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"I don’t feel like I have left science because I am still contributing to the science community", Sonia Cavaliere
After completing her studies in Italy, Sweden and the UK, Sonia decided to look for an industry role that uses her research experience. Here, she shares how and why she began working at Scientifica, and how she has progressed from Customer Support Associate to UK Sales Manager.
My journey in academia
I completed both my bachelor’s degree in Biology and master’s degree in Biology in Italy. During my master’s I spent six months studying in Sweden as part of the Erasmus Program.
After completing my studies in Italy, I decided that I wanted a new challenge. I moved from Italy to the UK, where I started a PhD in Bristol. I was the first one in the research group, which worked on KCNQ channels in Drosophila. I was on my own with just my supervisor for about a year, and during this time I taught myself electrophysiology, with help from a neighbouring lab who shared their electrophysiology rig with me.
I loved the research I did during my PhD. I did a lot of patch clamping, behaviour analysis, genetic modifications and sequencing. I had five papers published and, although it was hard work, I really enjoyed it.
Why I decided to leave academia
After completing my PhD, I was looking for a postdoc position. However, I then questioned whether I wanted to continue in academia. I found that there was a lot of competition for positions and grants, which meant moving from one place to another every few years. This doesn’t always work well with your personal life.
Furthermore, I love research, but my research was very specific. I was looking at one ion channel in one brain region of one species of animal, which wasn’t allowing me to see the bigger picture of science. I also wanted to have a job where I could interact with people from different backgrounds and science applications.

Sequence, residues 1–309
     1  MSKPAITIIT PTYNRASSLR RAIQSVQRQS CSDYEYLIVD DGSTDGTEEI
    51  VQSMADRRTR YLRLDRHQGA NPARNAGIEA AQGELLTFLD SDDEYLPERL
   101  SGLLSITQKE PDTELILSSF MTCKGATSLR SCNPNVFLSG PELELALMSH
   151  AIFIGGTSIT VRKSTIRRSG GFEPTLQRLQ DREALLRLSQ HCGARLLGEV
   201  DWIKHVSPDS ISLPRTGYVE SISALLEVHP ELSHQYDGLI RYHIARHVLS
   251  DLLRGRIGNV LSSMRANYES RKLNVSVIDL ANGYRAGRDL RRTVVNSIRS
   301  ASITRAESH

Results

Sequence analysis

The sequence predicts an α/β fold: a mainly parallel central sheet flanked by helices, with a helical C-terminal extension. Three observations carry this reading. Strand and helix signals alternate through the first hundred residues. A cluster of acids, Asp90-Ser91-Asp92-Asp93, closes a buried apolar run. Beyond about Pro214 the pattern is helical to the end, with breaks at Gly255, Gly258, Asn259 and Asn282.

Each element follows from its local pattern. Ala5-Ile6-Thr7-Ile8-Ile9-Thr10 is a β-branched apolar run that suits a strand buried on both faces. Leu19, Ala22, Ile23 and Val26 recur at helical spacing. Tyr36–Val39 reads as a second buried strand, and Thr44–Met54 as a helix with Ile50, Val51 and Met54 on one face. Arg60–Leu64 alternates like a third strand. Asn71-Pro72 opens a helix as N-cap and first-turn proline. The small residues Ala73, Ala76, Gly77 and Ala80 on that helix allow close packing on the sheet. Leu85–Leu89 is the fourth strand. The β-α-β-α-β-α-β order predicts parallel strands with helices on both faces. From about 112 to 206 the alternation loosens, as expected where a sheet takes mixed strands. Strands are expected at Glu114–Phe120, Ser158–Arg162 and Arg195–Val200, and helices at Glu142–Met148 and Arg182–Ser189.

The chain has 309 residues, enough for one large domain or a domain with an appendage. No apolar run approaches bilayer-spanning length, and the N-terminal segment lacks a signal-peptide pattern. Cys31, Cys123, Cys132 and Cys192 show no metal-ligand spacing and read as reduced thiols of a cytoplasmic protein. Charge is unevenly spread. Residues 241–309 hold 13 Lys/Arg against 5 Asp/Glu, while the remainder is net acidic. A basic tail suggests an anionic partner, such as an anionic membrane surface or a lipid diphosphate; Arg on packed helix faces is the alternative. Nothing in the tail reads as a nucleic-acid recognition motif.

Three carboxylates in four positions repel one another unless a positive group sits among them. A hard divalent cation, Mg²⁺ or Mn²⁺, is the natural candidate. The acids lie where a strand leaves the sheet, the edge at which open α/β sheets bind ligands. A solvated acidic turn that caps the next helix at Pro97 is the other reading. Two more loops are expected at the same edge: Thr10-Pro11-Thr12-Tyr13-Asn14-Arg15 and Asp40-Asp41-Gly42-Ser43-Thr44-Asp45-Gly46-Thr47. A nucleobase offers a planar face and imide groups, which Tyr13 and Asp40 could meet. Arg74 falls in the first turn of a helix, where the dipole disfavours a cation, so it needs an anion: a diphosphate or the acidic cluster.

How I made the move to industry
I loved reading papers and articles about new research developments, and still do. I wanted to still be involved in research, but work on the other side of the bench.
I knew about Scientifica through a colleague who used PatchStar micromanipulators during their PhD, and then worked at Scientifica. Once I finished my PhD, Scientifica were looking for someone with patch clamp experience. I applied for the role and began working as a Customer Support Associate.
How I progressed in industry
I quickly progressed to Product Specialist, where I was first responsible for Southern Europe territories, then Scandinavian territories and distributors.
After returning from maternity leave, my role changed to a UK-based Product Specialist, as I couldn’t travel as much due to family commitments. My professional life was still important to me; I found the perfect combination of working part-time and spending time with my children. I am really happy that Scientifica gave me the opportunity to still be a professional woman in the science industry who is also able to spend time with my family.
After one year of working as a Product Specialist in the UK, I was offered the position of UK Sales Manager. I have been in this role for two years now and really enjoy it. It is great to interact with members of the team and share my skills, knowledge and experience.
I enjoy my role because I am helping researchers to obtain results and optimise their research. I don’t feel like I have left science because I am still contributing to the science community.
If you are also unsure whether to pursue a career in academia after your PhD, I would strongly recommend looking at the options available to you. There are many careers where you can still be a part of the scientific community and contribute to research. Your scientific experience and technical knowledge is invaluable and, most importantly, you can still go back to academia if a job in industry isn’t for you.
If you are interested in working for Scientifica, take a look at our latest openings and find out how you can send us your CV for consideration when a relevant role becomes available.
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